I am not a trade economist, and all I know about international trade law owes to having spent a rainy weekend in a bach with some under-stimulated lawyers. So there’s no attempt to evaluate the TPP on the merits here. I’m not qualified to do so, and even if I were everyone’s made their minds up already. So here’s an inside-baseball, horse-race classic.
Little has clearly formed a strong view on the merits of the deal and he doesn’t think it’s good for New Zealand. That’s an improvement on the previous vacillation, which had the effect of alienating both supporters and opponents of the deal. However there remain issues with the articulation of this view, some owing to the previous attempts at compromise.
Noticeably, Labour has not articulated an economic argument against the TPP. Instead, Labour has committed to the sovereignty argument. This leaves Labour open to attack from the National party for adopting impractical, ideologically driven position instead of accepting trade-offs in the national interest, a line of attack that echoes pre-existing voter concerns and reinforces Labour’s perceived weakness on economic issues. It also ignores the fact that for many voters concrete issues of economic security trump even emotive issues of sovereignty.
The failure to ensure that Shearer and Goff were on board with the new policy was a major failure of political management. Shearer and Goff are senior figures in the party with past, present and future responsibilities for implementing foreign and trade policies. They are major stakeholders who should at least be able to accept party policy if not agree with it. Their dissension was predictable and deeply undercuts both the credibility and the effectiveness of Labour’s stand.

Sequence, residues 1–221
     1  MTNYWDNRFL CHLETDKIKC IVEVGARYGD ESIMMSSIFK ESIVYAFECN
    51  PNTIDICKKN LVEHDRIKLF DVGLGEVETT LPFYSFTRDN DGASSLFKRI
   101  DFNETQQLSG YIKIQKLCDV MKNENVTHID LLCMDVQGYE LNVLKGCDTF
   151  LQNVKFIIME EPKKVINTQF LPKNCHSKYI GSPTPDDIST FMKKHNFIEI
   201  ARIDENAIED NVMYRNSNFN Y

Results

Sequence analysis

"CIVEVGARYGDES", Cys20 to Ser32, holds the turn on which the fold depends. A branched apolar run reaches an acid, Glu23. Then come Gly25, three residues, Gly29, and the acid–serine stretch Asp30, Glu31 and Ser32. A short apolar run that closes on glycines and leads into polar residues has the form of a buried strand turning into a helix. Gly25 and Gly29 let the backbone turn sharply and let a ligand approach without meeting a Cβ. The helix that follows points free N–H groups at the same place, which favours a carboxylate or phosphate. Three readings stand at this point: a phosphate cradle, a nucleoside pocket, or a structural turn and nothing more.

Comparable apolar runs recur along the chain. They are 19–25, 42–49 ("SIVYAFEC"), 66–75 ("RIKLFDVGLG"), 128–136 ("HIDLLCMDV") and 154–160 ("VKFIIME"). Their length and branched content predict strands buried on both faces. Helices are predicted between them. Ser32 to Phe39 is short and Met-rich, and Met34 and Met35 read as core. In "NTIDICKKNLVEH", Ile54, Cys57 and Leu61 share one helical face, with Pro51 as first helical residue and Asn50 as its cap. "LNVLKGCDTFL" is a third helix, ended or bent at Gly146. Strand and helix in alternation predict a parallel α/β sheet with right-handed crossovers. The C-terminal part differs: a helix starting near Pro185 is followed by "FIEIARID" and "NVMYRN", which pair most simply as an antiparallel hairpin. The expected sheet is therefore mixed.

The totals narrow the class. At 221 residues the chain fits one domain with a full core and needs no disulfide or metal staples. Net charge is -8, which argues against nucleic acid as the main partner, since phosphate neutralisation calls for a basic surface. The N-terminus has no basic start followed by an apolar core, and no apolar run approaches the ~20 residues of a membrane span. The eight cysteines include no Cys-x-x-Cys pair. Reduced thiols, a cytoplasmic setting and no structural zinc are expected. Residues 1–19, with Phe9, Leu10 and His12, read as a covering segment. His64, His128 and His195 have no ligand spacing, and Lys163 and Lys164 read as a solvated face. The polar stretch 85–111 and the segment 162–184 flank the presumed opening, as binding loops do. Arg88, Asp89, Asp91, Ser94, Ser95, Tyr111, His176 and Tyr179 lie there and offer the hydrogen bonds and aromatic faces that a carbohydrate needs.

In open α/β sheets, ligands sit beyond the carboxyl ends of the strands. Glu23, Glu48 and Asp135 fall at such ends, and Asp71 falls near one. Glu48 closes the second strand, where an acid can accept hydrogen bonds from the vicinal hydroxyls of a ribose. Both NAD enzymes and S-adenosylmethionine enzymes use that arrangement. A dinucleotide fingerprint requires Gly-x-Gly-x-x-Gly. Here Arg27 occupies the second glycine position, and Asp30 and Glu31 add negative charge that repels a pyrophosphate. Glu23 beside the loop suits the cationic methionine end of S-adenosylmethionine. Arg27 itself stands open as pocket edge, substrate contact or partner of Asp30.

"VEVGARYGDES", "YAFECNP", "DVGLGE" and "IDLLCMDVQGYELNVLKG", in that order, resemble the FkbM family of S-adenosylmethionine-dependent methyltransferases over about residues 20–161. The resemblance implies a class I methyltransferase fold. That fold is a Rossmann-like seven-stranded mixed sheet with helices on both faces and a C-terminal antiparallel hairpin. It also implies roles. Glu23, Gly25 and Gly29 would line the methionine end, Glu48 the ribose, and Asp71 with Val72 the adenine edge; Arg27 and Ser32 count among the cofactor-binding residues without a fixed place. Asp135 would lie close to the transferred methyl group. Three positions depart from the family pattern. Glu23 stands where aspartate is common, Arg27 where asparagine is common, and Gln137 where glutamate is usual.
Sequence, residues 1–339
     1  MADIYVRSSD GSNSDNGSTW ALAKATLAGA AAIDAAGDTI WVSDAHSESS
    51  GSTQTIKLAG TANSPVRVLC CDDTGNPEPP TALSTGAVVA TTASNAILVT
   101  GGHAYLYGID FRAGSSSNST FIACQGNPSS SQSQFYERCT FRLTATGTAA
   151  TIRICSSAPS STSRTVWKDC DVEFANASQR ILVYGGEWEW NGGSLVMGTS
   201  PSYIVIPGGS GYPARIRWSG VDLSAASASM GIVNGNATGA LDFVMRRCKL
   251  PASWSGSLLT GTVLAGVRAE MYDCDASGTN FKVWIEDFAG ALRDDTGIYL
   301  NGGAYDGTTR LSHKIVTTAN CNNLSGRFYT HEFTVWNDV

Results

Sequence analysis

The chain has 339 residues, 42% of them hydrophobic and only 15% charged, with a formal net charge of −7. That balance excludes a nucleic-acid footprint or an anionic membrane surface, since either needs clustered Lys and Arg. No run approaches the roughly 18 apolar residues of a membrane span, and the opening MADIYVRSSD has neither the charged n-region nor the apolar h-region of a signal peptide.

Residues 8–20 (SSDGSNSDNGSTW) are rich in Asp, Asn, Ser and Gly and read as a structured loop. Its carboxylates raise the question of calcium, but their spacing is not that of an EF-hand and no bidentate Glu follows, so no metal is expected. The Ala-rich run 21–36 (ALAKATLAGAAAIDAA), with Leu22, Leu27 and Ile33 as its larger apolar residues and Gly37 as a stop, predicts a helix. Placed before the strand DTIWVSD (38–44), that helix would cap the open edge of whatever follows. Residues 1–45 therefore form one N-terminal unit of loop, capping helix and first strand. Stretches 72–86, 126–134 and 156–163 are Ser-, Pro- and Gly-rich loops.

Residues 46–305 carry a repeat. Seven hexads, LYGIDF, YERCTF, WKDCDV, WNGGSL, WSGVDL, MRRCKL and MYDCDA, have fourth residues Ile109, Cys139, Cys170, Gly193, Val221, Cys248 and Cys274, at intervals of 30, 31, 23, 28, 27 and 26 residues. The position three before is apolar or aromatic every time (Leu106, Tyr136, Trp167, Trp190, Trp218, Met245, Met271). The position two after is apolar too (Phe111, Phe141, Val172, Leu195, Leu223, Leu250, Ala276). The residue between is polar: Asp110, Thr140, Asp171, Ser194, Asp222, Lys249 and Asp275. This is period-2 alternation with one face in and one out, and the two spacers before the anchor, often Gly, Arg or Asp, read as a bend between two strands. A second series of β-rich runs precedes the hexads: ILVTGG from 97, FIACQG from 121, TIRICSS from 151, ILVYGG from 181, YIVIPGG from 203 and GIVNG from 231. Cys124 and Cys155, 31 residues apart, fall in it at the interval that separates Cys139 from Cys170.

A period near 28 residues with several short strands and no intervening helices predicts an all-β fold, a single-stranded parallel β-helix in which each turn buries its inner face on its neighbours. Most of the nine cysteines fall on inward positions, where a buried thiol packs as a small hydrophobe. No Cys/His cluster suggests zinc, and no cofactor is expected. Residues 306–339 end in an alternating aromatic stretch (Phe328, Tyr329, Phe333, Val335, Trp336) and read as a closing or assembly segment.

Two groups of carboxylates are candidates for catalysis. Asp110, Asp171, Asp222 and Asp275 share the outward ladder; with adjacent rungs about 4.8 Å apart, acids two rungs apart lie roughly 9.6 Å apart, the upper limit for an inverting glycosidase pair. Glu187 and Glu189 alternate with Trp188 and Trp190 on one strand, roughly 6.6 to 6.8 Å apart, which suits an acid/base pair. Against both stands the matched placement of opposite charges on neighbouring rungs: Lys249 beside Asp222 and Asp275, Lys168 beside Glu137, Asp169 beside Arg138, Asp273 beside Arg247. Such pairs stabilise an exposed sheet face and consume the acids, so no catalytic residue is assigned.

It is unreasonable to expect a spokesperson to front a policy they see as deeply irresponsible, unprincipled, and unrealistic. However, by the same token, if Shearer wished to disagree with party policy he should have resigned from the shadow cabinet and done so from the back benches and he can hardly be surprised about the inevitable consequences. Goff is running for the Auckland mayoralty as an independent. At this point, he will feel both a principled duty to back a policy he believes is in Auckland and New Zealand’s best interest, and a pragmatic wish to make it clear he is his own man and not beholden to party bosses. It is frustrating this wasn’t better handled, and the choice of Shearer and Goff to break with the party is disappointing.
But more importantly than the details of the positioning on this issue, is this issue one which will propel Labour closer to victory in 2017? Should Labour be talking about the TPP so much?
A Herald Digi-Poll from September 2015 indicates that 31% of New Zealanders disliked the TPP, while 23% support it, but in December 2015 that same poll had shifted to put support on 27% and opposition down to 26%. But that leaves a substantial 46% in both polls who either don’t know or don’t care. In reality, a bare majority of the public have an opinion about the TPP, and the vast majority of them will be ideological votes who have already have made their minds up how they will vote in the next general election. These are not even voters who have arrived at a view but are unlikely to allow it to change their votes — as might be the case about the flag — but are voters who simply don’t care enough to arrive at a view. They are deeply uninterested.
The chunk of voters who are uninterested in the TPP will tend to be the non-ideological voters that Labour needs to win over, and they are the voters who will be most turned-off by displays of division and poor management. Further, the political conversation is finite. Every time Andrew Little talks about the TPP, or caucus indiscipline, he is not talking about another issue. Given that the TPP does not appear to be a significant issue for near to a majority of voters it does not seem to be a particularly good use of a limited resource.
If you look at Key over the last fortnight, he has successfully negotiated two tricky issues in a way which has probably increased his popularity – the signalling of his likely departure in the latter part of his fourth term, and his backdown on the Auckland city rail link. Both these issues had the potential to become difficult for him, but he has either neutralised or exploited them in a manner that will have appealed to centrist voters as pragmatic and effective. Labour, by contrast, has devoted huge time and energy to an issue primarily of interest to ideologically driven voters who are by and large already committed to supporting or opposing the party, has highlighted internal division in so doing, and passed up opportunities to talk about issues of broader relevance to voters.